Soter rounded a corner of metal piping, long eroded from disuse and left for scrap by the inefficiencies of a vast bureaucracy. He carried in his hands a sack, filled with actual food instead of rations of dubious origin, and also medical supplies, earned through saving enough credits from his work as a delivery boy for a nearby warehouse. Most of the menial loading and unloading labour was performed by aging, and under-maintained servitors. Soter spent his days delivering missives from the warehouse's cybernetic overseer, and assisting in the repair and maintenance of the servitors and their tools. Why the warehouse overseer couldn't transmit the letters electronically, Soter never questioned, it was not his place to question, and the hard, flinty eyes of those men he delivered letters to gave him the wisdom to never question his own, uncharacteristically mute obedience. It would not be the first time Soter's intuition and luck had saved his life, and the lives of his family.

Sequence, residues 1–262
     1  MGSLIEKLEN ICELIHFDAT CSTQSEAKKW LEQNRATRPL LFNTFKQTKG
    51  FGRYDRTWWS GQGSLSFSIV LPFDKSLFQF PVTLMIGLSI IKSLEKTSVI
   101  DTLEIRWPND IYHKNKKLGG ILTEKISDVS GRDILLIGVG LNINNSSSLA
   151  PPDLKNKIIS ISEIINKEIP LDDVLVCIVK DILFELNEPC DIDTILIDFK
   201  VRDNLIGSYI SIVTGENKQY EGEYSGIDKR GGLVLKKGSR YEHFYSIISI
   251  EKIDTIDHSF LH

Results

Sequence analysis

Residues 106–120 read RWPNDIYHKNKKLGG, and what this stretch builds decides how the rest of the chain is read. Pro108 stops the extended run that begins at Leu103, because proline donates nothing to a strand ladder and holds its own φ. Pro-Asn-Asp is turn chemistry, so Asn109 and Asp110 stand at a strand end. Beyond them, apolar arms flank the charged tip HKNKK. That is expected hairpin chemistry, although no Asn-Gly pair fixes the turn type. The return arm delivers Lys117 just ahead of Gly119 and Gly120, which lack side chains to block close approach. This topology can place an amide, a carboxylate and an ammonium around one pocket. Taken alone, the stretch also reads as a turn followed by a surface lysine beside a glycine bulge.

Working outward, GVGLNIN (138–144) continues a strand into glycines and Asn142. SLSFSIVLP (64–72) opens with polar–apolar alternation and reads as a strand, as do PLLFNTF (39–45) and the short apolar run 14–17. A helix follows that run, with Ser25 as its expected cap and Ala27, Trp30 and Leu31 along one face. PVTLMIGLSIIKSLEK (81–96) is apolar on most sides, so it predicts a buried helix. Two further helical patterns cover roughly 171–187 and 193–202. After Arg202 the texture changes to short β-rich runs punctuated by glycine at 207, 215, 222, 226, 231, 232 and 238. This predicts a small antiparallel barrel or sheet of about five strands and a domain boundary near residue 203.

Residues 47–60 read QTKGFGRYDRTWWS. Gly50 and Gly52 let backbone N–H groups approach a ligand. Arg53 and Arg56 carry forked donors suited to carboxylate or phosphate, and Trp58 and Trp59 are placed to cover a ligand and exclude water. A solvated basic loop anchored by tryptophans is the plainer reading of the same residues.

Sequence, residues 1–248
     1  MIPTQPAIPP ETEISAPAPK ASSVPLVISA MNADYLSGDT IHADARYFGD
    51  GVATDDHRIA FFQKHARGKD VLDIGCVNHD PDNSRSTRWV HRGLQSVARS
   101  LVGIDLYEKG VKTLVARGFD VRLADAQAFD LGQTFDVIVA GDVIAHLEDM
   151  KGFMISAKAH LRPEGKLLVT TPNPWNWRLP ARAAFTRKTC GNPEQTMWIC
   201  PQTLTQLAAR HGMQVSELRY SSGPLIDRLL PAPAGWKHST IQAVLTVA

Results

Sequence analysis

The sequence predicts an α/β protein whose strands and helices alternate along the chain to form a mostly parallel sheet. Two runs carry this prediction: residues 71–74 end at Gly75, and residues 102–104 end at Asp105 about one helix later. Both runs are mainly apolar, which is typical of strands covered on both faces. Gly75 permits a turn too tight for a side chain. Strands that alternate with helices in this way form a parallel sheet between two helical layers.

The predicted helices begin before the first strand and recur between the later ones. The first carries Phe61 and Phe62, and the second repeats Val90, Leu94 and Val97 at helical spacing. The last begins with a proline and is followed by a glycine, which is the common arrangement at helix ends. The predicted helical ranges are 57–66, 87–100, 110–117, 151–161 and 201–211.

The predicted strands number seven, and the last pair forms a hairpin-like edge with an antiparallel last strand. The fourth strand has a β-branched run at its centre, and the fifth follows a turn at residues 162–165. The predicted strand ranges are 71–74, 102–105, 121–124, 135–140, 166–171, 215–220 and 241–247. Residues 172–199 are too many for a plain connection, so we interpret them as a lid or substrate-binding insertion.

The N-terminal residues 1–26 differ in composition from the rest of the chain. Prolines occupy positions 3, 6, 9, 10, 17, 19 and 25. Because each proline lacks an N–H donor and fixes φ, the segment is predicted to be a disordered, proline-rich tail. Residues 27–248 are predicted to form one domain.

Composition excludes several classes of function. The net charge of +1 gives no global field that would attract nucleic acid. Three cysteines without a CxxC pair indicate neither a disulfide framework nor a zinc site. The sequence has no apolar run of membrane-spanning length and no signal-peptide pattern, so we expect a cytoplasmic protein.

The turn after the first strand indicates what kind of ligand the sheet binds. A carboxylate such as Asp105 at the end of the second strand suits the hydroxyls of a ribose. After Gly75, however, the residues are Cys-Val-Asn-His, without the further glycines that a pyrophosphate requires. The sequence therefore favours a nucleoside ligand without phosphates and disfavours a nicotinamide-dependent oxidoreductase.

Soon, after rounding several more tight corridors and corners of claustrophobic piping and crawl spaces, and after checking over his shoulders frequently, to ensure he was not followed, he finally arrived at his hab-block. Tall buildings, as tall as they could realistically be in the underhive, stood packed like a delicacy of cloned fish in their cans, coincidentally mirroring the packed, overpopulated living spaces within.
After climbing several flights of stairs, not trusting the ill-maintained elevator, which had caused the deaths of eight people in the block already, Soter finally arrived home. He pressed his hand against the unhygienic scanner of his family's habitation unit, with a green light and chime of acknowledgement the door's locks unlatched, and Soter pushed the anachronistic, yet sophisticated security door that he had managed to reprogram, open.